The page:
LEO Africa volunteer project is located on the 15.000 hectares Abelana Game Reserve, a nature conservancy very close to Phalaborwa and adjacent to the Kruger National Park.
Owned by the Mashishimale community, the word “abelana” means “to share amongst each other” in the local Northern Sotho language.
Characterised by breathtakingly beautiful landscapes, varied topography and a mixture of vegetation types, Abelana Game Reserve has a 10km stretch of the semi-perennial Selati River in its northern section, as well as numerous other seasonal watercourses.
Abelana is home to a rich diversity of fauna and flora, including the Big 5 - elephant, rhino, leopard, lion and buffalo - as well as cheetah, hyena and non-resident wild dog (occasional visitors), to an impressive number of endemic bird species including the African fish eagle, white-breasted cuckooshrike, thick-billed cuckoo, and bat hawk.
The LEO Africa conservation volunteer program provides valuable monitoring and conservation services to the reserve. One of the aims of LEO Africa is to restore the territory to its natural and pristine state, to benefit all wildlife species.
LEO Africa collaborates in conjunction with the Reserve Management and veterinary (on occasions).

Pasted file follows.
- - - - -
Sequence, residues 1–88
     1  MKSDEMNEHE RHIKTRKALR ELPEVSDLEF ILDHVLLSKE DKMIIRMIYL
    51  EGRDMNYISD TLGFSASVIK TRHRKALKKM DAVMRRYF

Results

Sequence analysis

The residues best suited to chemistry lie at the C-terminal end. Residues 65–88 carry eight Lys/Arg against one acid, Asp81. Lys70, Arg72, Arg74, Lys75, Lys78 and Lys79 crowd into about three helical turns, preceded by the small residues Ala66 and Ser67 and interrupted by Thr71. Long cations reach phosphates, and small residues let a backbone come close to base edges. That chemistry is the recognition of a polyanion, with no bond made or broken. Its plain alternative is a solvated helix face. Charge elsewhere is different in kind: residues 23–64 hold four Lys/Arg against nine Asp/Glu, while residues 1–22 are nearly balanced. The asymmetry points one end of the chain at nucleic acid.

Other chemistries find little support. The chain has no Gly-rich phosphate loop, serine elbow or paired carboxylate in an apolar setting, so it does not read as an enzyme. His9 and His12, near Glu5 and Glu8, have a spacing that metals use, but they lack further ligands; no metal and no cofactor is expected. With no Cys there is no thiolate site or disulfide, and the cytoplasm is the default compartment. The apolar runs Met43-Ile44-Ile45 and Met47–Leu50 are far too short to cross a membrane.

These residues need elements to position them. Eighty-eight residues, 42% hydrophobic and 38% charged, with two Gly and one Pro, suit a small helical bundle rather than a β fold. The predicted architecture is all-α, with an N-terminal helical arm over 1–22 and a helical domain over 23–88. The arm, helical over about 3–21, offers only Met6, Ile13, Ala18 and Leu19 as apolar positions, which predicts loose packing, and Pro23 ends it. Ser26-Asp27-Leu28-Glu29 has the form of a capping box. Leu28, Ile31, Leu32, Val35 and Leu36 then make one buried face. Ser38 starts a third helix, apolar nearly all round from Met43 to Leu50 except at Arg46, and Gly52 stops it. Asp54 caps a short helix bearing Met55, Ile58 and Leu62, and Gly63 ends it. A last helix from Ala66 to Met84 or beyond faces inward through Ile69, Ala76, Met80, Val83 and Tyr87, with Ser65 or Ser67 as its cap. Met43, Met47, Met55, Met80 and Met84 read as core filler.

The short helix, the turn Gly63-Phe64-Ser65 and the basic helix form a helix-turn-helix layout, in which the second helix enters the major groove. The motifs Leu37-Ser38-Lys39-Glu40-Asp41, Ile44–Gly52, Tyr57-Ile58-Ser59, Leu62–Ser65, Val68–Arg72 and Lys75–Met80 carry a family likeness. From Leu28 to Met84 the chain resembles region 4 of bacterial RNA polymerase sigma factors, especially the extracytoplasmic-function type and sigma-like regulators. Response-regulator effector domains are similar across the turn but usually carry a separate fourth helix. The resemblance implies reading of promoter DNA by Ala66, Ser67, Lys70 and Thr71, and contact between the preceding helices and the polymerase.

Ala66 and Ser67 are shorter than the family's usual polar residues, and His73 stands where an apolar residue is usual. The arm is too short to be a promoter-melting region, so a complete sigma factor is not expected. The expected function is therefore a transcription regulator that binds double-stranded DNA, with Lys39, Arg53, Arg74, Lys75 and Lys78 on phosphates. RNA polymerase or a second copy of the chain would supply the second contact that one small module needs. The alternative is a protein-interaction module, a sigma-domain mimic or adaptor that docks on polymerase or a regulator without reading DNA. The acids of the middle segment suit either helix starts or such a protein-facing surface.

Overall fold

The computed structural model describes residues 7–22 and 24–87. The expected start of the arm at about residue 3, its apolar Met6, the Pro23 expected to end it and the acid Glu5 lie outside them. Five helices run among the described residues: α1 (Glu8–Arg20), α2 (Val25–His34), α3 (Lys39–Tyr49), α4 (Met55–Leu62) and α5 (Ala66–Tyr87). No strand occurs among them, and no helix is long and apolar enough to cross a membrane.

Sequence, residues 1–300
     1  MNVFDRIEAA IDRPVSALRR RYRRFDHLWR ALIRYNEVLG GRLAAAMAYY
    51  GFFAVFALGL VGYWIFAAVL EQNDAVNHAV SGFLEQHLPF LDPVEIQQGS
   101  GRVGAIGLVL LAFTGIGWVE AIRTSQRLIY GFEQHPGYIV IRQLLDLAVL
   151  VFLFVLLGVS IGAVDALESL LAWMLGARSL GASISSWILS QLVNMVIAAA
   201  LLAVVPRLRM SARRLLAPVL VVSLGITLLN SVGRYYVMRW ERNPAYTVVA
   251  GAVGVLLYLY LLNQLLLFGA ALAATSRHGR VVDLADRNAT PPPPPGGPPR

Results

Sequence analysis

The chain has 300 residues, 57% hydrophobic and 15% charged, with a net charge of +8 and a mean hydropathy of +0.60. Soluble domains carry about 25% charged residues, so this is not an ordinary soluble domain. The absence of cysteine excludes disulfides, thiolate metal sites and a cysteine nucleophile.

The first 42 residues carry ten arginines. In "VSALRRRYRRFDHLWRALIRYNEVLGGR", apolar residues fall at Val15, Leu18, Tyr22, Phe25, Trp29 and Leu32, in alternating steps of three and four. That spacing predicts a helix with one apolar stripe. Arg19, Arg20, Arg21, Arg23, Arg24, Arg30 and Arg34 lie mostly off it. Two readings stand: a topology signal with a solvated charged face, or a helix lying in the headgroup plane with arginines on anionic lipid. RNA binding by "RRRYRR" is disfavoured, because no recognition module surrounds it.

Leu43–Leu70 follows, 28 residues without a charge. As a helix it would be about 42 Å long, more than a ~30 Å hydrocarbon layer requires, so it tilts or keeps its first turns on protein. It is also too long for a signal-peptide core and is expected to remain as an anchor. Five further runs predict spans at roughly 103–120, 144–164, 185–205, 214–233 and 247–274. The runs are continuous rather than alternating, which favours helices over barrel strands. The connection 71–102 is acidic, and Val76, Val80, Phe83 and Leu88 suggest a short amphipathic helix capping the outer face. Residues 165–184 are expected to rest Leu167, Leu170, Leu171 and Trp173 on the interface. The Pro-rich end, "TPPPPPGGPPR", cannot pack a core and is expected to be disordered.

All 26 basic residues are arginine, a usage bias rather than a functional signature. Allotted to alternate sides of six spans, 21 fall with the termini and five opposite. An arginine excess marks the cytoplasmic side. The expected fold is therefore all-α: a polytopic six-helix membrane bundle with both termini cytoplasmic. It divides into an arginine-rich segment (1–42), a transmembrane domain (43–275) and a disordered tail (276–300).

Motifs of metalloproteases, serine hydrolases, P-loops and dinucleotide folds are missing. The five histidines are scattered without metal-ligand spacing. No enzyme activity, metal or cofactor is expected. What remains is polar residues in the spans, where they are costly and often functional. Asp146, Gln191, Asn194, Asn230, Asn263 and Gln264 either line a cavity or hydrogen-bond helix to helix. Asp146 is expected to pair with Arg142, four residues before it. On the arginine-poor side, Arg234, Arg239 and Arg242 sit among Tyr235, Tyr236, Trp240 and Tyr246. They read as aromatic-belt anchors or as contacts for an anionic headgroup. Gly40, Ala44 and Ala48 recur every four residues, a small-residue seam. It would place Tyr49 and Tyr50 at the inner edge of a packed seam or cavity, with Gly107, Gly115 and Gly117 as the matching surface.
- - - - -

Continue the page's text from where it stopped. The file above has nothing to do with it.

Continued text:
Each month, our team and reserve management sets goals that need to be achieved according to the period of the year and priorities. The work that LEO Africa conducts together with our volunteers, allows the reserve maintenance team to focus on many other different tasks, having more time to dedicate to higher priorities.
Reserve management in South Africa is a complex and evolving subject. It involves everything from ecology to road maintenance, from species reintroduction to alien plant removal. It also includes more difficult and emotionally-charged issues such as animal relocation. One of LEO's goals is to expose volunteers to the complicated subject of conservation in the 21st century.
Birding in the reserve
Bird life in the reserve is prolific and you'll be able to see many different species while on drive and at base, especially during the summer months, when together with the resident birds, you'll also get to discover some migratory species!
Don't forget your binoculars if you are a keen birder!